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Revealed: The extent of Norfolk's bizarre 'Thetford Oranges' sign battle

PUBLISHED: 10:42 12 July 2019

The Thetford Ranges sign, which has been sporadically changed to read Thetford Oranges over the years. Photo: Luke Powell

The Thetford Ranges sign, which has been sporadically changed to read Thetford Oranges over the years. Photo: Luke Powell

Archant

It is a bizarre war that has raged on for years - on one side a serial prankster and on the other the nation's highway authority.

Another sign for the Thetford Ranges without any graffiti. Photo: GoogleAnother sign for the Thetford Ranges without any graffiti. Photo: Google

Anybody travelling into the county via the A11 will likely have spotted the road sign pointing out the Ministry of Defence's rifle range in Thetford, the 'Thetford Ranges'.

And those who noticed the sign may also have picked up on the fact that, often, mystery pranksters have added the letter 'o' to the sign, leaving it instead reading 'Thetford Oranges'.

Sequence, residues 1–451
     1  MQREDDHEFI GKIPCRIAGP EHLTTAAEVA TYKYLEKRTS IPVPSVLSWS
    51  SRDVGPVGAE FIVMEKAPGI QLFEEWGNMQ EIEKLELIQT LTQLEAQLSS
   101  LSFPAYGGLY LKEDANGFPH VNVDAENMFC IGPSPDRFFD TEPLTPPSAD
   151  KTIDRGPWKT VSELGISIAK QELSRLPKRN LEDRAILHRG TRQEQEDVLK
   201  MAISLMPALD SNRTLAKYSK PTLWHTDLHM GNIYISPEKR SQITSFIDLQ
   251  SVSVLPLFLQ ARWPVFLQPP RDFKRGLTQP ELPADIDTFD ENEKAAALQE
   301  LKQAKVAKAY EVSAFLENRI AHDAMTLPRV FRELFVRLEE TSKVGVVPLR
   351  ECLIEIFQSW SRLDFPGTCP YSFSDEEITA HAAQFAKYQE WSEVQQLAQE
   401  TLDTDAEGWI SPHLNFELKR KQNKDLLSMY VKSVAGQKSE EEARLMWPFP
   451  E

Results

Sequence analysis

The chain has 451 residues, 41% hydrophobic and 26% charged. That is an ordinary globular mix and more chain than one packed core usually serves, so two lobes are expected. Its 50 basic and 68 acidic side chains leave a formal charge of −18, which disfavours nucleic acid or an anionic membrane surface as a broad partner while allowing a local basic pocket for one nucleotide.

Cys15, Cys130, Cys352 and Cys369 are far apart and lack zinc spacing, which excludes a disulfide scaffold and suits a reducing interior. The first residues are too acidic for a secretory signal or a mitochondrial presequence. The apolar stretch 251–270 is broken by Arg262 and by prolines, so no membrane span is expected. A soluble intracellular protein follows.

Now, a Freedom of Information Request has revealed that in the past two years, Highways England - the authority responsible for maintaining the sign - has been called to change it back on three different occasions. The most recent time was in the past few weeks.

With the authority changing its contractor in 2017, details of the number of occasions was only available from April 1 of that year.

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But it appears the saga has rumbled on for years.

Janet Adkins, senior business co-ordinator for Highways England, said: "We hold no records of the period of time that the 'Thetford Ranges' sign has suffered changes.

"However, long-serving colleagues have suggested it has occurred sporadically for several years."

While it is unclear just how long the battle has continued, social media posts relating to it date back as far as October 2015.

Mrs Adkins said generally the changes are not reported to Highways England by members of the public, but that they tend to be picked up on by members of the team during route inspections.

They are then changed back as part of a general maintenance work, which includes general repairs, graffiti removal, road sweeping, grass cutting and pothole repairs.

Mrs Adkins added: "As it is not a safety issue it would just tend to be dealt with routinely, rather than as a major priority - generally it just tends to make people smile and they drive on."

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